Should my Fitness Just Focus on Golf?
 

Should my Fitness Just Focus on Golf?
If you are not active in other sports here are a few strategies to help you improve your golf game and your fitness levels at the same time. 

By Brian Knight
for the Titleist Performance Institute

A popular approach to sports in the United States is to decide at a very early age what type of athlete your child is going to become when he/she grows up. With this mindset, many children as early as five years old are compartmentalized into practicing and playing one particular sport. This is a flawed approach with regards to your sports as well as your fitness. It is imperative that a junior participates in numerous activities to allow for proper development of the neurological system.

You may remember the images of Tiger Woods as a toddler putting and chipping. What you might not realize is that Tiger was active in many other sports activities as well. For example, the junior who plays on the monkey bars, plays kickball, baseball, skateboarding, or participates in outdoor activities that are not organized but challenging will be a much better athlete than the junior that just concentrates on one athletic venture. If your early years have been very specialized, you can still recover a greater awareness and coordination that will carryover into your golf game by performing varying activities in your fitness routine.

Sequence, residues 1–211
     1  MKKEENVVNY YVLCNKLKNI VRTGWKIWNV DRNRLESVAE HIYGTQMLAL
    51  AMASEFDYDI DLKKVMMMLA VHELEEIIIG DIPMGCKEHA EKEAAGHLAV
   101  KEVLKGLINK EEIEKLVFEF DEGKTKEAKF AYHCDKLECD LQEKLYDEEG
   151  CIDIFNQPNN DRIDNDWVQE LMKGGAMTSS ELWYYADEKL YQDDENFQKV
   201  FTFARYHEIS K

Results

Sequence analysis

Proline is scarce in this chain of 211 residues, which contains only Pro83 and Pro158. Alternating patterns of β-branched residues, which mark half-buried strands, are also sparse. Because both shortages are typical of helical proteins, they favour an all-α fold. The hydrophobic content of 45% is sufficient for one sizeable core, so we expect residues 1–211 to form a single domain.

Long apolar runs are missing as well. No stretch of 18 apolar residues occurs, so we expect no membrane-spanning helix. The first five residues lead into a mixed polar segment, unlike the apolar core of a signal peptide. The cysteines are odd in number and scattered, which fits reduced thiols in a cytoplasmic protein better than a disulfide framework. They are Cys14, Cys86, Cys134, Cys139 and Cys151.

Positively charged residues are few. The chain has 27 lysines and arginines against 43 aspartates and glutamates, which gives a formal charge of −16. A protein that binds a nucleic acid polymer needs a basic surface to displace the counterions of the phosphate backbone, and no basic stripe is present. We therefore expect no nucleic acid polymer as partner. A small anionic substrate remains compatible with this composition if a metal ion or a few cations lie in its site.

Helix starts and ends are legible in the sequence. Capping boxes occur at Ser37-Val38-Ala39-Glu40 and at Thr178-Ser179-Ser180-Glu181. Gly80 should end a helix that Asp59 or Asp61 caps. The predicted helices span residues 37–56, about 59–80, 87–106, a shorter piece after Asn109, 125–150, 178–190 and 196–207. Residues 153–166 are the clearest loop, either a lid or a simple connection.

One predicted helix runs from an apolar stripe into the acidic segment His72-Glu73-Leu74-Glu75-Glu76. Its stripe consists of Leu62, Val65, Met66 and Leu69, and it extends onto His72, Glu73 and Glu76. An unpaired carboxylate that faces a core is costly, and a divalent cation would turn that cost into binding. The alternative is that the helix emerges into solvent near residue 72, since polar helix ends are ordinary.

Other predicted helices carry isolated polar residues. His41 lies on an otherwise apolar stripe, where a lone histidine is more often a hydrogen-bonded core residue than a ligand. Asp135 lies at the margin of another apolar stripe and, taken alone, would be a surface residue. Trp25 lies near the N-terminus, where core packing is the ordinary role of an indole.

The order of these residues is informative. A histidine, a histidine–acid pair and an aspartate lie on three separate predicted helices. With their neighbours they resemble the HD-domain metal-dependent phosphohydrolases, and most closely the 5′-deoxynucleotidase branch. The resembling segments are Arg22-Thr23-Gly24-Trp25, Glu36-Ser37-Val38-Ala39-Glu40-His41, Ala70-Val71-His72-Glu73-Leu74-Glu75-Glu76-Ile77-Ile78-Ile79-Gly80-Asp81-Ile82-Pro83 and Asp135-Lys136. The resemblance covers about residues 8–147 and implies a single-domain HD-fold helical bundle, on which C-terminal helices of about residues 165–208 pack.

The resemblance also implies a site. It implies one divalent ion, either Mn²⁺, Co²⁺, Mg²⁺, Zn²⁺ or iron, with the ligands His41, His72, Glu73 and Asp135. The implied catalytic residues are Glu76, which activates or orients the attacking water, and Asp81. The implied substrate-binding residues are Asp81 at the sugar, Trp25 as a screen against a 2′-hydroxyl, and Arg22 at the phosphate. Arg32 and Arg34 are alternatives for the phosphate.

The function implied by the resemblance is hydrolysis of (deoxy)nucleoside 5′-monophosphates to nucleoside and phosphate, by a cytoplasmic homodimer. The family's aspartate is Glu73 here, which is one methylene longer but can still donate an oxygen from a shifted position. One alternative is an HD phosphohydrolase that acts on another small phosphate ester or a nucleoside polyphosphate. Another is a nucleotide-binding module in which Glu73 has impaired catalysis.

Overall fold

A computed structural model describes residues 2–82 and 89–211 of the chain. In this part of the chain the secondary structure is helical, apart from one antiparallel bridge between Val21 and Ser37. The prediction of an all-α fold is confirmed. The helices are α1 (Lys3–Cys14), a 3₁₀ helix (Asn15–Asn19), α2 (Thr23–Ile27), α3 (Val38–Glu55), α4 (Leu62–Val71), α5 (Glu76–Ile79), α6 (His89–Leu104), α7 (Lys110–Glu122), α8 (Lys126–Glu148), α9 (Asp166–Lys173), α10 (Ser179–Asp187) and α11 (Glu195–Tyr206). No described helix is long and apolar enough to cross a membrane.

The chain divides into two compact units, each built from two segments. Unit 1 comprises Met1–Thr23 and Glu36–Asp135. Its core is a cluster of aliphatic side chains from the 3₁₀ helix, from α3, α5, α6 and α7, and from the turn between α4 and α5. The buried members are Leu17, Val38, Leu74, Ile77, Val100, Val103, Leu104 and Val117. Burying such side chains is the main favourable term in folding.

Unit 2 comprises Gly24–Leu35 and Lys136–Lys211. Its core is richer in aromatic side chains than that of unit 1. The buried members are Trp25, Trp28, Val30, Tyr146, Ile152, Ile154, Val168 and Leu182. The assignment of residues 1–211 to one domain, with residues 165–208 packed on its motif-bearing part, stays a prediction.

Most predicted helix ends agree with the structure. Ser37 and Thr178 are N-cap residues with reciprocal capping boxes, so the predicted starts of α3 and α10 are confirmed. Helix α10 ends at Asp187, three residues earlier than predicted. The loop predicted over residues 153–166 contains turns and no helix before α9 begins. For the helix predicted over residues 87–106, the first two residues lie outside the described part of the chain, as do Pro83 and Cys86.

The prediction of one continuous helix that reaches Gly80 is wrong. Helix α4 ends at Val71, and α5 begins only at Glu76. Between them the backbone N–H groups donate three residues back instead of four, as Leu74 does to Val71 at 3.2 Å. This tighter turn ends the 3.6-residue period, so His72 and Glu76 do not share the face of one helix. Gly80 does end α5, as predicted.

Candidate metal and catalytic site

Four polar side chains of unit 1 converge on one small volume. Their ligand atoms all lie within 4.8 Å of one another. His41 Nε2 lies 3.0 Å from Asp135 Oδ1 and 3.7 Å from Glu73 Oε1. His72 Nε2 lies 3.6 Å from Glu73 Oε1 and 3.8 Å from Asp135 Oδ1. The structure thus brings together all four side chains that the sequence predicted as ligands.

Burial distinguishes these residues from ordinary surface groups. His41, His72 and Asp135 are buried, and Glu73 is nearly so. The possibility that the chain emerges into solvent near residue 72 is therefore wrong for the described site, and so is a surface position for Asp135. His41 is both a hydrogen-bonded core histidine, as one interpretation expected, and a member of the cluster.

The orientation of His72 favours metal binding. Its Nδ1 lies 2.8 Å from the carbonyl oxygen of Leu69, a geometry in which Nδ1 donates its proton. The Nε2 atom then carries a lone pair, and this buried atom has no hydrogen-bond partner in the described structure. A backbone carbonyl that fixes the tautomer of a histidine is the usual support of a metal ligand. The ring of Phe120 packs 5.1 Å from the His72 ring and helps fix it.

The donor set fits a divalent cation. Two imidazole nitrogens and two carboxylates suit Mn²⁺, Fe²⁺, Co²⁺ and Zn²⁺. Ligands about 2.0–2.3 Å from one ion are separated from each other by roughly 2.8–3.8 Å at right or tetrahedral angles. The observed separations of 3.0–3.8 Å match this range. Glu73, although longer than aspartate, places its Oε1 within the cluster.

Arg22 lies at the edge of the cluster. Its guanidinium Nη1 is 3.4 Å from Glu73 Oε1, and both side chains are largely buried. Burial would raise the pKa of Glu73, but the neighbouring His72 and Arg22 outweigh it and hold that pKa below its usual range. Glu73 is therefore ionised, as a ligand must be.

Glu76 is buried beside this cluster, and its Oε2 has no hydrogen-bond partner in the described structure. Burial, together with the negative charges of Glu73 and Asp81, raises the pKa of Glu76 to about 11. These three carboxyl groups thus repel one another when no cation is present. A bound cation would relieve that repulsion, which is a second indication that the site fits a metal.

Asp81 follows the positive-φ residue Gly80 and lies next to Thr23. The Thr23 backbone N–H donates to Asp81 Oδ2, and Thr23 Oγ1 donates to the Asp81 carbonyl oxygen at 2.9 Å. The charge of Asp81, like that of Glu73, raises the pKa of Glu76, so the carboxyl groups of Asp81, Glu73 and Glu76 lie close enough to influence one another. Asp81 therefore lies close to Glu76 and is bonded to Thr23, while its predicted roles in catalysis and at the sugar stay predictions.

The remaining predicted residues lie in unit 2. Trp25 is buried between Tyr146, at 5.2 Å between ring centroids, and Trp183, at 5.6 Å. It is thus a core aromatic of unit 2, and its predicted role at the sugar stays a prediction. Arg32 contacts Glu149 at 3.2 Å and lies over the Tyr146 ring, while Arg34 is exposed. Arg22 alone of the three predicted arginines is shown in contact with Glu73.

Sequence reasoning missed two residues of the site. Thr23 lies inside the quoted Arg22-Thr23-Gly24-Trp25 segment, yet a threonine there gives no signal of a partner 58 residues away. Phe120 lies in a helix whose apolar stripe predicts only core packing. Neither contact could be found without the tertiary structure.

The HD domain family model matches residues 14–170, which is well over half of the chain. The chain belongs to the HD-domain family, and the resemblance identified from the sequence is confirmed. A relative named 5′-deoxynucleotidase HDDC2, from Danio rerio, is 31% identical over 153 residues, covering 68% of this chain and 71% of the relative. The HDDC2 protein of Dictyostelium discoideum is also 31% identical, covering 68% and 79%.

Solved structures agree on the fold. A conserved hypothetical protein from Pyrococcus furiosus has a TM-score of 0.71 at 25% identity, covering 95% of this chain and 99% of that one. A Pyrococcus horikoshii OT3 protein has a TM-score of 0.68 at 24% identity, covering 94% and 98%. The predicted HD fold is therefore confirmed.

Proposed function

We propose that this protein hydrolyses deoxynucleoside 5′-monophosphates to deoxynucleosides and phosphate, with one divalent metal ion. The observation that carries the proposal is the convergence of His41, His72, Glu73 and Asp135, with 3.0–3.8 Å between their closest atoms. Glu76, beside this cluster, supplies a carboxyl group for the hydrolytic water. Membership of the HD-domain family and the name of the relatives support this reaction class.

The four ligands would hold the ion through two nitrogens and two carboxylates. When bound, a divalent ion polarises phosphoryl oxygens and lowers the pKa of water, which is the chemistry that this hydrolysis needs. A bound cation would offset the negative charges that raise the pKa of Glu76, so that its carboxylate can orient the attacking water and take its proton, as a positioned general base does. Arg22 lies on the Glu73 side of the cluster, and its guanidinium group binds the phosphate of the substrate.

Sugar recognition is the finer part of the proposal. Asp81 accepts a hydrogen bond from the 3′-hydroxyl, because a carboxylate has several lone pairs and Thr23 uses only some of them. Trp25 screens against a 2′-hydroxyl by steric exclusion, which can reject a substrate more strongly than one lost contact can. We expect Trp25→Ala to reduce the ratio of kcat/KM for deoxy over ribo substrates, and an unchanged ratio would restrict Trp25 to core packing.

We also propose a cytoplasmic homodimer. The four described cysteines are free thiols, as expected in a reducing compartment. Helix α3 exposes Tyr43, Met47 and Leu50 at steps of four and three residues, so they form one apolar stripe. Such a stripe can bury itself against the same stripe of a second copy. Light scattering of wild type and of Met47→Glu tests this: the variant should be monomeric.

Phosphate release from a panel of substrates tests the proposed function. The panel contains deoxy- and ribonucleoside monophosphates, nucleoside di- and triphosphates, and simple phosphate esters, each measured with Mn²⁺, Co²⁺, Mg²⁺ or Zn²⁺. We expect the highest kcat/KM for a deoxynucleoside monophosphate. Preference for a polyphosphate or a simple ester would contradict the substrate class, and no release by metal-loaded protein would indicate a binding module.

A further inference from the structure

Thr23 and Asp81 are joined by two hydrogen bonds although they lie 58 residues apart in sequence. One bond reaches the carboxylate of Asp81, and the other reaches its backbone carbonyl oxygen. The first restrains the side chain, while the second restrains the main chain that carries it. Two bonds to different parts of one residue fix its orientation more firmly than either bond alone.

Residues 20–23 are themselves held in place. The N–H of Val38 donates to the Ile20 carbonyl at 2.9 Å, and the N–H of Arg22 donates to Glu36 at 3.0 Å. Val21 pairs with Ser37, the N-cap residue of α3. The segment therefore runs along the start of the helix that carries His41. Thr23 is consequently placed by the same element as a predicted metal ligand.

You can benefit from coordination activities at any age, but the sooner you begin the better.  Challenging your senses will help your body be more effective at reacting to the environment and promoting a more complete golf swing. If you are not active in other sports here are a few strategies to help you improve your golf game and your fitness levels at the same time.

First and foremost, make sure your workout is not the same every time you go to the gym. Simply varying the exercises that you perform will help your body improve neurologically. Secondly, incorporate some type of hand/eye coordination activities into your routine. This can be something as simple as playing catch with a tennis ball or small medicine ball. Get a partner and play catch, sometimes just throwing the ball back and forth and sometimes tossing the ball at different heights to challenge the reactions of your partner.  Bounce the ball off a wall at different speeds and heights.

Finally, don't just do your cardiovascular exercise on a machine. Get on your feet, shuffle side to side, front to back; mix it up. Have someone point in the direction they want you to go and you have to react and move quickly in that direction. Perform these activities for a minute at a time and you will not only build up your endurance but also your coordination. In summary, the more you challenge yourself in your workout with coordination activities, the more you can recover what is lost by early specialization.

For more information about Titleist Performance Institute, please visit www.mytpi.com.

 

 
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